Monday, April 21, 2014

Why your fingerprints may not be unique

This just in from the UK Telegraph, "Fingerprint evidence linking criminals to crime scenes has played a fundamental role in convictions in Britain since the first forensic laboratory was set up in Scotland Yard in 1901.

But the basic assumption that everyone has a unique fingerprint from which they can be quickly identified through a computer database is flawed, an expert has claimed.

Mike Silverman, who introduced the first automated fingerprint detection system to the Metropolitan Police, claims that human error, partial prints and false positives mean that fingerprints evidence is not as reliable as is widely believed.

Nobody has yet proved that fingerprints are unique and families can share elements of the same pattern.

And there are other problems, such as scanning fingerprints of the elderly as their skin loses elasticity and in rare conditions leaves some people with smooth, featureless fingertips.

Mr Silverman, who was the Home Office’s first Forensic Science Regulator, said: “Essentially you can’t prove that no two fingerprints are the same. It’s improbable, but so is winning the lottery, and people do that every week.

“No two fingerprints are ever exactly alike in every detail, even two impressions recorded immediately after each other from the same finger.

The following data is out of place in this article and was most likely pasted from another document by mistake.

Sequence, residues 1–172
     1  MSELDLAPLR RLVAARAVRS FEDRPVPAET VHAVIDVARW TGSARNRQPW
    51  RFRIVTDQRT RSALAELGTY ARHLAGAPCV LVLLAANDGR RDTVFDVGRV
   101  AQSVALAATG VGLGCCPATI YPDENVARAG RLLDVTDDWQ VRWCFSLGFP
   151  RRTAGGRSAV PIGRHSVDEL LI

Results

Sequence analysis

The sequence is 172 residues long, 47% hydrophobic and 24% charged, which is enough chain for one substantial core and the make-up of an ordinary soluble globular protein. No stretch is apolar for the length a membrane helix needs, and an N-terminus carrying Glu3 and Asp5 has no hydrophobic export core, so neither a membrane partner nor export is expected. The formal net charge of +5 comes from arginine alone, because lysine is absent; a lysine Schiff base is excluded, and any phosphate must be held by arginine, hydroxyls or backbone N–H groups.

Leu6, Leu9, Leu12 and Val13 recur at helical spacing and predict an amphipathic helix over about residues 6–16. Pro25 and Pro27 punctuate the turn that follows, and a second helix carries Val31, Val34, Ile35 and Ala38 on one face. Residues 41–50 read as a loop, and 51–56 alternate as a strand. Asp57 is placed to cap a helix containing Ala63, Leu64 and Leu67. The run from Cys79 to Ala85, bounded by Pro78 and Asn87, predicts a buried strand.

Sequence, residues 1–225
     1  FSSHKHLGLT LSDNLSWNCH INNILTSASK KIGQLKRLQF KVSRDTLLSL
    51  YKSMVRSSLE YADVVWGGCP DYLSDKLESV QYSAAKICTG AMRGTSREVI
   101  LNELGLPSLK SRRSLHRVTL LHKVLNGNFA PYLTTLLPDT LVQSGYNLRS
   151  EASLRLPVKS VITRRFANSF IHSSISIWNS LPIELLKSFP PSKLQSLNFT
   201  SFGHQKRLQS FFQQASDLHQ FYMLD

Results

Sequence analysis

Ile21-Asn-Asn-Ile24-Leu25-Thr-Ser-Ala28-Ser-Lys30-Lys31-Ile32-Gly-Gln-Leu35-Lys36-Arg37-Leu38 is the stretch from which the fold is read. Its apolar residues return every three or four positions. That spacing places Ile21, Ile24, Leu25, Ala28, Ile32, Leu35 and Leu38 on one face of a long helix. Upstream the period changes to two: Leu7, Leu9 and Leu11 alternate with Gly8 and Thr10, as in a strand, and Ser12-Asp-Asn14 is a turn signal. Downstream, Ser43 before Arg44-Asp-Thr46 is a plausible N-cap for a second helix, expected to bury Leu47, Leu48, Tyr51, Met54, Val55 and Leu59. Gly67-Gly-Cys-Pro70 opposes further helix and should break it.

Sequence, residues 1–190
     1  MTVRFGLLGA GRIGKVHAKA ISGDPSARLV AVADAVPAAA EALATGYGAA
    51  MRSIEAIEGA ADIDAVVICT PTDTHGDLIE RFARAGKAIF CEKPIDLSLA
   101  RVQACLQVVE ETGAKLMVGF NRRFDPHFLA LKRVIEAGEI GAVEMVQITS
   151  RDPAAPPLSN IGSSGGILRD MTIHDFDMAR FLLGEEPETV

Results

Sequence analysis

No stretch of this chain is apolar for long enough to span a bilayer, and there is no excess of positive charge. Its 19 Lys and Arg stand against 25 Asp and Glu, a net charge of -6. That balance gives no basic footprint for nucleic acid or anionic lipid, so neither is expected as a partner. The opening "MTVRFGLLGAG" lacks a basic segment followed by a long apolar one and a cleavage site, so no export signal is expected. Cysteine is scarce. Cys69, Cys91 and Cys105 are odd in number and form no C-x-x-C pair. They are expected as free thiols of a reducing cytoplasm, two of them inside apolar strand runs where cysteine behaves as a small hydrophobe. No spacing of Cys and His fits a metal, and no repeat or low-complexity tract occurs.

“It requires an expert examiner to determine whether a print taken from crime scene and one taken from a subject are likely to have originated from the same finger.”
However there are numerous cases in which innocent people have been wrongly singled out by means of fingerprint evidence."

Continue reading the article by clicking here.

Friday, April 18, 2014

What is enhancement

What is enhancement? According to Anil Jain, in his classic Fundamentals of Digital Image Processing, "in image enhancement, the goal is to accentuate certain image features for subsequent analysis or for image display." Thus, again we see that enhancement and analysis are two distinct processes; enhancement setting you up for a better analysis.

Anil Jain also points out that enhancement algorithms are generally "application-dependent." I might add that some are generally accepted and can be found in most image processing texts. Others, are proprietary and found only in a single program. This is an important point when choosing where and how much to spend on equipment and software - and training (you won't find Adobe's "Shadows and Highlights" in Amped FIVE, but you can replicate the results using a mix of FIVE's filters).

This came up in a conversation with a local LE agency. They have an Adobe based workflow and were looking to modernize and get more training. They've been bombarded with solicitations from the various training vendors. My advice was simple, pick your direction first. Decide on what equipment and software you will have. Then your training choices will be simpler. To be more specific, if you aren't an Ocean Systems customer and do not own an Avid Media Composer, then you'll have trouble seeing the value in the LEVA courses as they are mostly based on the offerings from Avid and Ocean. If you're sticking with Adobe, then the choices are similarly clear and plentiful.